Shea butter is often referred to as the ‘tree of life’ as it can help with multiple issues concerning the hair and skin health. The best shea butter to use would be completely unprocessed, pure shea butter that is yellowish in colour and solid at room temperature.

Why is it good for you?

Shea butter is like food for your skin as it contains essential fatty acids and vitamins such as Vitamin A, E and F. This can have healing properties, offer collagen production and UV protection. This butter works on all types of skin from oily to dry, and hydrates the skin by forming a protective, breathable layer over the skin, without clogging your pores, to help retain moisture and keep you hydrated.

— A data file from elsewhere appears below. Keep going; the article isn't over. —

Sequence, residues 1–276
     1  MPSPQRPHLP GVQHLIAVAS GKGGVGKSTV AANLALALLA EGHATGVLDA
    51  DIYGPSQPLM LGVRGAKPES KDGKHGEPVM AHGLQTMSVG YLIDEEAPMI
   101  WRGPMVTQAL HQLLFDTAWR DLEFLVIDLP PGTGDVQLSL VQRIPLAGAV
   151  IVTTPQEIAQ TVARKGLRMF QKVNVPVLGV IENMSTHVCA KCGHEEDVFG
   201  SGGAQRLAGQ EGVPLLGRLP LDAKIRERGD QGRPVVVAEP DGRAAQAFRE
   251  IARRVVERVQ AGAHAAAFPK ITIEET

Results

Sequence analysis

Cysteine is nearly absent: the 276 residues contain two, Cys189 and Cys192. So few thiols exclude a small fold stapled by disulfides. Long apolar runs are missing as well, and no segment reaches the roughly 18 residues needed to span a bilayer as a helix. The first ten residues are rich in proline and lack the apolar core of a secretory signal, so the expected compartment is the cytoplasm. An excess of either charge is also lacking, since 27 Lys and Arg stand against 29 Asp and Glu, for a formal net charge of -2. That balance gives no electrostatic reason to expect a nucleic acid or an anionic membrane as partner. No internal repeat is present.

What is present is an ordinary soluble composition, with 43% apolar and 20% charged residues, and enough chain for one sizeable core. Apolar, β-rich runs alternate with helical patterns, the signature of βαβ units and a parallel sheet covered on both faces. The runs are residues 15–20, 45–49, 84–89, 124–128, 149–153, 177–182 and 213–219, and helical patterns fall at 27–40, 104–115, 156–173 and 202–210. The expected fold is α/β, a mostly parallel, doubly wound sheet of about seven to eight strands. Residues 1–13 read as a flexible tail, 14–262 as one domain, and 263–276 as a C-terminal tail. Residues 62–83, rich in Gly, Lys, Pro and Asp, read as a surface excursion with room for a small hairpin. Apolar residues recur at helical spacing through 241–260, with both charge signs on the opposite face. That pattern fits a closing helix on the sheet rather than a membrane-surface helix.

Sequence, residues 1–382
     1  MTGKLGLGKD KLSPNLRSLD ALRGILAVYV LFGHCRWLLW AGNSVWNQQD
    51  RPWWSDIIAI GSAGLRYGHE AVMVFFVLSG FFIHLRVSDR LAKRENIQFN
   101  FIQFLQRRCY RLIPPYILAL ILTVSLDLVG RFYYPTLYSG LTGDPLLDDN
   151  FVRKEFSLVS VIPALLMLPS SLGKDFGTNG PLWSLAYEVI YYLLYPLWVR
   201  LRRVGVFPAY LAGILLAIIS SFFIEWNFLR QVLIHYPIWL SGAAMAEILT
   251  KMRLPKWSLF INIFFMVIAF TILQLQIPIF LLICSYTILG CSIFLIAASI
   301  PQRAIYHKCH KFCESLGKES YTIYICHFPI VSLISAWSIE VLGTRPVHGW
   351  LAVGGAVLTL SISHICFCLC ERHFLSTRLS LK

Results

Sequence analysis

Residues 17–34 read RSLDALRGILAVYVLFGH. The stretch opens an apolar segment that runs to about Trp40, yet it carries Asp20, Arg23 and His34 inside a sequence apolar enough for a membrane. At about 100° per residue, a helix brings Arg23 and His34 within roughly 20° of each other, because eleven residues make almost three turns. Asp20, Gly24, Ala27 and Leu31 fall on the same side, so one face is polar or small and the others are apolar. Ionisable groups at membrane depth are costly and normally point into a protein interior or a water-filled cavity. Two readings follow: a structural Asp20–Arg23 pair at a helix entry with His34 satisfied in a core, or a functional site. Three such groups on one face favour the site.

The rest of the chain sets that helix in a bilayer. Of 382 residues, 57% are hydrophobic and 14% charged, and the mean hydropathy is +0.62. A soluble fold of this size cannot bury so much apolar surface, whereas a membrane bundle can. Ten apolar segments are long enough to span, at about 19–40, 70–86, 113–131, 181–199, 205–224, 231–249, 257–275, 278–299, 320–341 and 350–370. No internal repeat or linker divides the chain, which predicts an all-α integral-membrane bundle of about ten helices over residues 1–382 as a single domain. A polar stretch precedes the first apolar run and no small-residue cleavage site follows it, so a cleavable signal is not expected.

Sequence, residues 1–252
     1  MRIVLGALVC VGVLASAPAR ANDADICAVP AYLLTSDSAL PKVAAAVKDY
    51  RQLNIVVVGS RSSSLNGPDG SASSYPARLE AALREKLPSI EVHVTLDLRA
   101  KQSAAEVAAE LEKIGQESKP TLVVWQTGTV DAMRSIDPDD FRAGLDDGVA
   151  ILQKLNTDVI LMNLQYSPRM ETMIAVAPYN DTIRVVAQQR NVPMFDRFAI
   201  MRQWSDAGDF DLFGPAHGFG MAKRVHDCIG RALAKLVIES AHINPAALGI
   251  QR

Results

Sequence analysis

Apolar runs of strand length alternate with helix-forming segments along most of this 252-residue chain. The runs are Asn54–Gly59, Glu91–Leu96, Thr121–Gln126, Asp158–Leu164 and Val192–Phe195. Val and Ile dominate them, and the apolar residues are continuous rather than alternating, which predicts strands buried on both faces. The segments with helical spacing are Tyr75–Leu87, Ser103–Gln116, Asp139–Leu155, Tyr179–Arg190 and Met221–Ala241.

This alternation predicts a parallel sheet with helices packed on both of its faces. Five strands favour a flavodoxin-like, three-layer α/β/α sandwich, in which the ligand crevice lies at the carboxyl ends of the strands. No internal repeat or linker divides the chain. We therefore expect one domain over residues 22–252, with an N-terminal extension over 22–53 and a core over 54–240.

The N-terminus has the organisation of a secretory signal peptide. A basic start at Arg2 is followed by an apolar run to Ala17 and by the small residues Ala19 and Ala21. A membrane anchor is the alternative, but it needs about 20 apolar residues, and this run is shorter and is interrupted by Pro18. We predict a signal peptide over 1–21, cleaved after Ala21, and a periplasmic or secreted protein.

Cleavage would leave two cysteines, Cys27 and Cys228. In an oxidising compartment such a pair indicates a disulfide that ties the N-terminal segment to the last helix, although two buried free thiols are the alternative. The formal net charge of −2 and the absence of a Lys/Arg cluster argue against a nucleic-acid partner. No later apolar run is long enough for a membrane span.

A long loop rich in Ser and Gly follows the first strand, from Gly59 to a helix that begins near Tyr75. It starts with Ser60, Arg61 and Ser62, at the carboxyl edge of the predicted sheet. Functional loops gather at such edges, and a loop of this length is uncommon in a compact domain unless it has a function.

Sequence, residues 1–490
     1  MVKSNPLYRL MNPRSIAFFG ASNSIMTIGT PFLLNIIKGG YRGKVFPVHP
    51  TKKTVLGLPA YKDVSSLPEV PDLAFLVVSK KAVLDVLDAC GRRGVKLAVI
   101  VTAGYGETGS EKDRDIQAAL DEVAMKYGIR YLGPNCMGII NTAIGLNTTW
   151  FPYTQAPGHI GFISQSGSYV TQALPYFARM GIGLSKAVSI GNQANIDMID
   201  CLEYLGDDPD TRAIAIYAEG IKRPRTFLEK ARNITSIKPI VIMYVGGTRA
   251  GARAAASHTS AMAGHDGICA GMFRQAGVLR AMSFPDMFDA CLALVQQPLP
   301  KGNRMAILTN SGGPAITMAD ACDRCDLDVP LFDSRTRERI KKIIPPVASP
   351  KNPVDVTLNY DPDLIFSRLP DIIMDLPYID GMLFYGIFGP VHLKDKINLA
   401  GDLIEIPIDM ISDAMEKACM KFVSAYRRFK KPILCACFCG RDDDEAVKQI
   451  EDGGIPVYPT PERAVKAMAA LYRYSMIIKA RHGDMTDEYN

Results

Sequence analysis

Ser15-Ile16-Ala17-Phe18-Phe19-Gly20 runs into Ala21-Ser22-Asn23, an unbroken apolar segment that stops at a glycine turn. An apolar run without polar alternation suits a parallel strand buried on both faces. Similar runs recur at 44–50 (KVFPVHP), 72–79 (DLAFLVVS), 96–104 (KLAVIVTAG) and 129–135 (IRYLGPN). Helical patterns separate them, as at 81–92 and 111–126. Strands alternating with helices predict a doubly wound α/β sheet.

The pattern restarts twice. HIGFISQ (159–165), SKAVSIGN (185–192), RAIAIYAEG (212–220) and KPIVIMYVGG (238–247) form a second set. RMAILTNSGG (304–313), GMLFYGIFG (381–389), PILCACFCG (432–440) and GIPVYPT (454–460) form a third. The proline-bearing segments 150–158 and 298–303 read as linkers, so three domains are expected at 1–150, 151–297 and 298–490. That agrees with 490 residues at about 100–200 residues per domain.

Shea butter can help your through your pregnancy as it can cure rashes (and diaper rashes on your baby) and it can help to heal and rejuvenate skin.

Shea butter also contains palmitic acid and oleic which is anti-inflammatory. How can this help to ease pregnancy pains? This can be useful for when your legs and ankles may potentially become inflamed during the third trimester. This can also be useful for easing early pregnancy period pains when your stomach or lower back may be inflamed and sore.

Natural and pure shea butter is also a good option for people who have sensitive skin. However, as shea butter is derived from a nut, those with nut allergies may want to avoid it. Although there are often no side effects, it’s better to be safe than sorry.